What is Cocoa (OS X)?
Much of Cocoa is implemented in Objective-C, an object-oriented language that is compiled to run at incredible speed, yet employs a truly dynamic runtime making it uniquely flexible. Because Objective-C is a superset of C, it is easy to mix C and even C++ into your Cocoa applications.
Cocoa (OS X) is a tool in the Frameworks (Full Stack) category of a tech stack.
Who uses Cocoa (OS X)?
9 companies reportedly use Cocoa (OS X) in their tech stacks, including Telegram Messenger, Apple, and immmr.
23 developers on StackShare have stated that they use Cocoa (OS X).
Pros of Cocoa (OS X)
Backed by apple
Cocoa (OS X) Alternatives & Comparisons
What are some alternatives to Cocoa (OS X)?
See all alternatives
Node.js uses an event-driven, non-blocking I/O model that makes it lightweight and efficient, perfect for data-intensive real-time applications that run across distributed devices.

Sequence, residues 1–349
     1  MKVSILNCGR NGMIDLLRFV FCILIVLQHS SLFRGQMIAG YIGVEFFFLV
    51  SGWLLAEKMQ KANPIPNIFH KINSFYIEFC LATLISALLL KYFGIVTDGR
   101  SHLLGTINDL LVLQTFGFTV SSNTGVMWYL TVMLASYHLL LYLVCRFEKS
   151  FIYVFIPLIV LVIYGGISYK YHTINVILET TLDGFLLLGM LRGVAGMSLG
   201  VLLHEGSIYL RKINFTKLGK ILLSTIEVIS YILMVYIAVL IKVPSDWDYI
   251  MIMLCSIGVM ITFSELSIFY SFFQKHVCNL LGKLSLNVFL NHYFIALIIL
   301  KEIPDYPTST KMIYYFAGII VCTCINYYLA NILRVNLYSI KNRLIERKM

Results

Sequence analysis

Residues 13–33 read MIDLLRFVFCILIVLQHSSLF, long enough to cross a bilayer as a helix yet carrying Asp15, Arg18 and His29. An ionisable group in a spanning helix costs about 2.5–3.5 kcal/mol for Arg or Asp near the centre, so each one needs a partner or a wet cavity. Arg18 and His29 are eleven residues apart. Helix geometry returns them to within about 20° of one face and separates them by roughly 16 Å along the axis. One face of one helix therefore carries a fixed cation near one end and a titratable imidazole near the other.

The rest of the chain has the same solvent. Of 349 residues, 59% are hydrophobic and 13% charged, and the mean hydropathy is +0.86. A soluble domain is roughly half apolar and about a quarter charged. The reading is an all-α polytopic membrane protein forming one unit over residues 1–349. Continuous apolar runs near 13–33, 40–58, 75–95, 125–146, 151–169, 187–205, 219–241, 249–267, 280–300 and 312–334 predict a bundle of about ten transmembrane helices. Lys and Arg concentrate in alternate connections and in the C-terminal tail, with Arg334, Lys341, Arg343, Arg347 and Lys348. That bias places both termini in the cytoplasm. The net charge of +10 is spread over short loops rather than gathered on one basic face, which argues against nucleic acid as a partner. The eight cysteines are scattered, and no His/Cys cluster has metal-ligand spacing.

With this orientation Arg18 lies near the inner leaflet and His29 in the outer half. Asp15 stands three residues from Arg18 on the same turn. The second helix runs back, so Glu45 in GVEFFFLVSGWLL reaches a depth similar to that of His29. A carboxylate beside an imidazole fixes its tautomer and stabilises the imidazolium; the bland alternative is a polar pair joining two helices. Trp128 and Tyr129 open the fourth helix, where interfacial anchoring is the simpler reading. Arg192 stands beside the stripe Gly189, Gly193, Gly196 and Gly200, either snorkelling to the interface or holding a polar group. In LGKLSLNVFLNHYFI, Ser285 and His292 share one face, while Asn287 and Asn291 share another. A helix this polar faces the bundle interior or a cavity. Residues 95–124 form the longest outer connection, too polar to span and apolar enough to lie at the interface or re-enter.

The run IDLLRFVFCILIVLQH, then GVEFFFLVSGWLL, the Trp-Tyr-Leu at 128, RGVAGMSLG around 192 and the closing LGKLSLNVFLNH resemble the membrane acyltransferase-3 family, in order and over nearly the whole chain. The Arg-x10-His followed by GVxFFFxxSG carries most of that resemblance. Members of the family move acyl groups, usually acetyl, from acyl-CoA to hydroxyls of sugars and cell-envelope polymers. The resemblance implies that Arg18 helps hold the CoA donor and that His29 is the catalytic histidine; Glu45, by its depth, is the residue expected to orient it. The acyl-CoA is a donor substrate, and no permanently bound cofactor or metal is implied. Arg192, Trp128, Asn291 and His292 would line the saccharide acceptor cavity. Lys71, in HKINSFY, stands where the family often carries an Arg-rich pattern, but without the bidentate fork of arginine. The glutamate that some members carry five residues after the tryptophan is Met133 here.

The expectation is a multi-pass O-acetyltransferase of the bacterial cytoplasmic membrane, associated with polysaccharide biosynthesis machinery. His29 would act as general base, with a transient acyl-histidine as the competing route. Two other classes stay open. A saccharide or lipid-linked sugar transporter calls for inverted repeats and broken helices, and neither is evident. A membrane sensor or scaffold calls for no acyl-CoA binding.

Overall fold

Django is a high-level Python Web framework that encourages rapid development and clean, pragmatic design.
.NET is a developer platform made up of tools, programming languages, and libraries for building many different types of applications.
It is a web application framework with expressive, elegant syntax. It attempts to take the pain out of development by easing common tasks used in the majority of web projects, such as authentication, routing, sessions, and caching.
Android provides a rich application framework that allows you to build innovative apps and games for mobile devices in a Java language environment.